Leaders in hearing healthcare were recognized for their contributions to the field during this year's International Hearing Society awards gala, held during the 62nd Annual IHS Convention & Expo in Arlington, VA. Awards were given in the areas of advocacy, service, education, and leadership, including The Hearing Journal Joel S. Wernick Dispenser in Education Award, which was presented to Tammy Clark, director of training for Costco Hearing Aid Centers.
Ms. Clark was inspired to enter the field by her experience with her father, who was struggling to communicate with family and friends yet reluctant to have his hearing tested. She began to educate herself about hearing loss and the stages that lead to acceptance and action, and enrolled in the Hearing Instrument Technology program at Bates Technical College in Tacoma, WA, under the instruction of her first mentor, Allen Webb.
Between 2001 and 2006, Ms. Clark held every position in a busy hearing aid center, working as a non-licensed hearing aid attendant, hearing aid apprentice, licensed hearing aid dispenser, and hearing aid center manager. She became director of training for Costco Hearing Aid Centers in 2006.
In this role, she has standardized education across training sites, promoted best practices, and mentored hundreds of apprentices.
Ms. Clark also has volunteered on the IHS International Institute for Hearing Instruments Studies Committee for two-and-a-half years, recently contributing to the development of the Trainer Manual, the update of the Distance Learning for Professionals in Hearing Health Sciences workbook, and the improvement of the IHS practical exam.
The Dispenser in Education Award, which has been presented at each IHS convention for the past 20 years, is named for the late Joel Wernick, who held a PhD in auditory physiology from Stanford University and was a professor, researcher, and author.
ANNETTE CROSS HONORED FOR LEADERSHIP
Annette Cross, BC-HIS, was recognized for her work in advocating for hearing instrument practitioners with The Hearing Review Professional Leadership Award.
Ms. Cross began her career in hearing healthcare as a secretary, and was hooked. She went on to earn Board Certification in Hearing Instrument Sciences.
She is now president and owner of Provincial Hearing Services in Nova Scotia, and holds a joint seat on the IHS Board of Governors and the Canadian Hearing Instrument Practitioners Society (CHIPS), the national Canadian organization under the IHS umbrella.
In addition, Ms. Cross dedicates her time and expertise in volunteering on hearing missions around the world.
JOHN HAMM RECOGNIZED FOR ADVOCACY
The James P. Lovell Advocacy Award was presented to John “Clell” Hamm, BC-HIS, for his ongoing efforts to advance the status and role of the hearing aid specialist in his state. He has served as the legislative chair for the North Carolina Association of Hearing Care Professionals for many years, working closely with the International Hearing Society in that role.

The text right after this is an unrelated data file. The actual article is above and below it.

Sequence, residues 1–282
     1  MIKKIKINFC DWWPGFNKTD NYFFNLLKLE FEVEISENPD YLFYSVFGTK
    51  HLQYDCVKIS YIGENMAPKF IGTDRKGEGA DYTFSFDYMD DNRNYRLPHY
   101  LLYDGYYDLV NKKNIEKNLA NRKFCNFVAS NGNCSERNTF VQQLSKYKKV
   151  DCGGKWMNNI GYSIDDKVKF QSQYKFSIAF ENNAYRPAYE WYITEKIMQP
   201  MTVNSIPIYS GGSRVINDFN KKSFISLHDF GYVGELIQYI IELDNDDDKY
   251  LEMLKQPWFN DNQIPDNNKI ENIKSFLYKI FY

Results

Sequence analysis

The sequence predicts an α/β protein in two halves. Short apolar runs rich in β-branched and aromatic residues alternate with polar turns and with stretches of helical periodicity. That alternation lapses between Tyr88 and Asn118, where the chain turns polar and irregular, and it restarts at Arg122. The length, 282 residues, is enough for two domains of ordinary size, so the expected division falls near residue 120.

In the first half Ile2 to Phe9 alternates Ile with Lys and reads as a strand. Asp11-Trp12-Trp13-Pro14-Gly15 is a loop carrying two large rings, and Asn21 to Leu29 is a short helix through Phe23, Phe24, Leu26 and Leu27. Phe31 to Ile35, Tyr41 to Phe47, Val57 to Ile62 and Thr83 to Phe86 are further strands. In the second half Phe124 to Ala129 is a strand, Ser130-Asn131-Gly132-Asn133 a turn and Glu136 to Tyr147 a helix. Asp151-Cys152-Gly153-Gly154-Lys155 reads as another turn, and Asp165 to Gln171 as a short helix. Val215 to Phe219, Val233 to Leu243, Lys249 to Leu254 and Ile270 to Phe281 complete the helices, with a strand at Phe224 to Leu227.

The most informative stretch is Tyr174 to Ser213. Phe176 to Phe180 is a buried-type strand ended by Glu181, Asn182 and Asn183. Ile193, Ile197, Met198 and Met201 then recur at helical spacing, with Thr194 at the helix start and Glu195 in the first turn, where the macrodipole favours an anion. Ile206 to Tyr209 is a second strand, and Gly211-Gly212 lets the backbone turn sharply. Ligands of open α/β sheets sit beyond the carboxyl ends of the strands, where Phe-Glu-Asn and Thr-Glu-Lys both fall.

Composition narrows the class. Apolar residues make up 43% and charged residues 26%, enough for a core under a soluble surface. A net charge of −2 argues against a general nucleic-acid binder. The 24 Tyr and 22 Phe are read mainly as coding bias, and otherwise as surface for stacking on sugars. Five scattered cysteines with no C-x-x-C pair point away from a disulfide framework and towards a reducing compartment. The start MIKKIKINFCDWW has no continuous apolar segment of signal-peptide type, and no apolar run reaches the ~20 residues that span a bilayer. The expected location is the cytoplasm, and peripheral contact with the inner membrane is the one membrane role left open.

With support from his chapter and lobbyist Paula Hopper, Mr. Hamm has succeeded in getting four critical pieces of legislation passed since 2010, including an amendment to a children's hearing aid insurance coverage bill that added hearing instrument specialists to the list of accepted providers.
The James P. Lovell Advocacy Award is presented to an individual or organization who has made extraordinary achievements in advocating for those with hearing loss.
SERGEI KOCHKIN RECEIVES SERVICE AWARD
Sergei Kochkin, PhD, was presented with the Marylene Freshley Award by Bill Schenk, BC-HIS, chair of the National Board for Certification in Hearing Instrument Sciences, in recognition of Dr. Kochkin's years of service and commitment to the hearing healthcare industry.
Dr. Kochkin was executive director of the Better Hearing Institute from 2004 to 2012, where he implemented programs to educate the public and medical profession about hearing loss, its treatment, and its prevention. He authored numerous publications on data from the 80,000-household MarkeTrak survey of patients with hearing loss and the hearing aid market, identifying and illuminating market trends, hearing aid adoption drivers, and factors influencing patient satisfaction and quality of life.
In addition, Dr. Kochkin designed and taught workshops for hearing health professionals on how to promote their clinical practices.
AND CHAPTER OF THE YEAR GOES TO …
The IHS Chapter of the Year Award was presented to the Texas Hearing Aid Association (THAA). Lori Cook, secretary of the THAA Board of Directors, accepted the award on the chapter's behalf. The award is given every year to the chapter that has made the most significant contributions to the profession and industry through chapter development, advocacy, public relations, and educational initiatives.
The Texas Hearing Aid Association hit national news this summer when members filed a class action lawsuit against Wal-Mart for selling hearing aids without a state license. (Read HJ's breaking coverage of the lawsuit on page 8http://journals.lww.com/thehearingjournal/Fulltext/2013/08000/Cover_Story___Dispensers_Hit_Walmart_with_Proposed.1.aspx of the August issuehttp://journals.lww.com/thehearingjournal/toc/2013/08000.)
THAA has quadrupled its number of members over the past 10 years, with its roster now standing at 402 members, or 62 percent of all hearing aid specialist licensees and apprentices in the state. The chapter also has made strides in the area of professional development and education, and is working toward providing online continuing education for its members.